Tuesday, January 16, 2018
I played around with the picture aspect of the Palette. Supposedly, you can scan in any picture, tell Palette that you want to digitize it and voila! You have a digitize picture that you can then embroider. So I used one of my youngest son's senior pictures. Isn't he handsome? I had to crop his face or the file would have been huge!
It took a few tries and I had to adjust the number of threads, the contrast and brightness a few times before I got an image that I liked.
It took a while to embroider it. Oh. One important tip. When you're digitizing, always group your thread colors so that it will embroider one color at a time...unless you need to layer colors. If I had not grouped this image, I would have changed out thread three million times! Ok. That's a slight exaggeration. But it would have been a ton! Here's the final image. I planned to do it on patch material so I can burn the edges. I made a coaster for my office.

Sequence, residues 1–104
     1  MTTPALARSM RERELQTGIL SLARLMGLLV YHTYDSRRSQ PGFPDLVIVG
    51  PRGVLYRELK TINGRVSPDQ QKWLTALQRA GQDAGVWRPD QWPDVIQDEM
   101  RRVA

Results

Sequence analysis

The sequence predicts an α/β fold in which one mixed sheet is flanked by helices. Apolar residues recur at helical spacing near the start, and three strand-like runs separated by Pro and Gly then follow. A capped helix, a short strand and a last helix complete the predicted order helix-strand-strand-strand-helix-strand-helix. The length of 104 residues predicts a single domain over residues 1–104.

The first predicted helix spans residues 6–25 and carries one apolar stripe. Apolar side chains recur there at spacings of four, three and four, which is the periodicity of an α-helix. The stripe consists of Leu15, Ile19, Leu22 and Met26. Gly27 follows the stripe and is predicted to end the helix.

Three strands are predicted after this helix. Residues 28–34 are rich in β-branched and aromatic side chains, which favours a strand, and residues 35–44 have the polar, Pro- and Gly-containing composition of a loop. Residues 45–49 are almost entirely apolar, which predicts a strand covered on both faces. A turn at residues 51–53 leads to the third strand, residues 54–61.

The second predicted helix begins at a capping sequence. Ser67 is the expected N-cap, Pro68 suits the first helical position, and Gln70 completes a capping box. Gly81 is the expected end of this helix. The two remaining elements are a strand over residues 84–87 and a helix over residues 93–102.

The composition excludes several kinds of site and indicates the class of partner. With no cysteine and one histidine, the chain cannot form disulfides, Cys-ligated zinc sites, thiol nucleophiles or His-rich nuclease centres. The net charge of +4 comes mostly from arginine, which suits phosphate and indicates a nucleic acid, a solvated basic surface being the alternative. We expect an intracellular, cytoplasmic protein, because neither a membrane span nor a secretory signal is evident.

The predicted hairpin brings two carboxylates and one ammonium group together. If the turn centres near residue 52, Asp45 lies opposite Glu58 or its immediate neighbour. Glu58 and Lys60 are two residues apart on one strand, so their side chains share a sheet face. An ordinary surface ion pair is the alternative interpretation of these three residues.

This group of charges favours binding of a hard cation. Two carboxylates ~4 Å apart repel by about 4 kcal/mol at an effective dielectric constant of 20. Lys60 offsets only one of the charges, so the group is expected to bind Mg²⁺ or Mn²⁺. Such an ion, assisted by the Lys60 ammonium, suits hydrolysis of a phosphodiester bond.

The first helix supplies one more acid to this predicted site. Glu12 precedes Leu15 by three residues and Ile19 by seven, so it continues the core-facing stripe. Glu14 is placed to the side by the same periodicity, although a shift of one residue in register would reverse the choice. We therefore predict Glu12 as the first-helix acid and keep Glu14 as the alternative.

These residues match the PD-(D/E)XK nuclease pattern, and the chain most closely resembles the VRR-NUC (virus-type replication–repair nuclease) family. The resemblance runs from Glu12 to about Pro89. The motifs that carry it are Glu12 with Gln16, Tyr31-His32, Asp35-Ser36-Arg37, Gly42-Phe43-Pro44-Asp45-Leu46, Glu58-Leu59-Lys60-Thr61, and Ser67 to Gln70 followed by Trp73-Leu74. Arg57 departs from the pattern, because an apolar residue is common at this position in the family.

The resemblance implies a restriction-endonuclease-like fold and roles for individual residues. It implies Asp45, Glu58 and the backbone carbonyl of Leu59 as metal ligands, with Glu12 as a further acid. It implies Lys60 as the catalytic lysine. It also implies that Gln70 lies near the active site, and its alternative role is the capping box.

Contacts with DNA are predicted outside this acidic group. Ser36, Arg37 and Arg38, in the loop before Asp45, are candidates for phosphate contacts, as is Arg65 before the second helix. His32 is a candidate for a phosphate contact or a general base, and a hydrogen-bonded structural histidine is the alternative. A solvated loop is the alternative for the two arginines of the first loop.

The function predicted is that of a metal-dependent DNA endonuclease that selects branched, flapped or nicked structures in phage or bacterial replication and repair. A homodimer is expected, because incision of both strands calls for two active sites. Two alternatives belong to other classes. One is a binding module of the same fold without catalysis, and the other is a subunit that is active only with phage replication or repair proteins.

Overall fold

Sunday, September 17, 2017
I decided I needed a basket to keep all of my receipts till I file them. So I used clothesline rope and wrapped scrap fabric around it and made a basket. It's called a coiled fabric basket. There are several blogs and help online. The only tip I can suggest is to sew along the rope with a straight stitch to attach the fabric to the rope and it kind of flattens the rope, making it easier to sew. I used the largest zigzag stitch and a heavy blue jean needle. Don't forget the large blue jean needle. Or you will break needles. Trust me...I speak from experience! I even asked my husband to bring his needle-nosed pliers to help me get part of the needle out of the basket at one point!
I'm not sure if it's my sewing machine, but it didn't appreciate the thickness. So probably using a smaller diameter rope will also be helpful. This is a great way to use up old scraps. I would also suggest sewing together the small scraps and cutting 1 1/2 or 2 inch strips to use. I found that if I sewed a long strip together (kind of like sewing binding), it worked better. Oh, another tip is I used a binder clip to hold the material to the rope until I got it sewn on.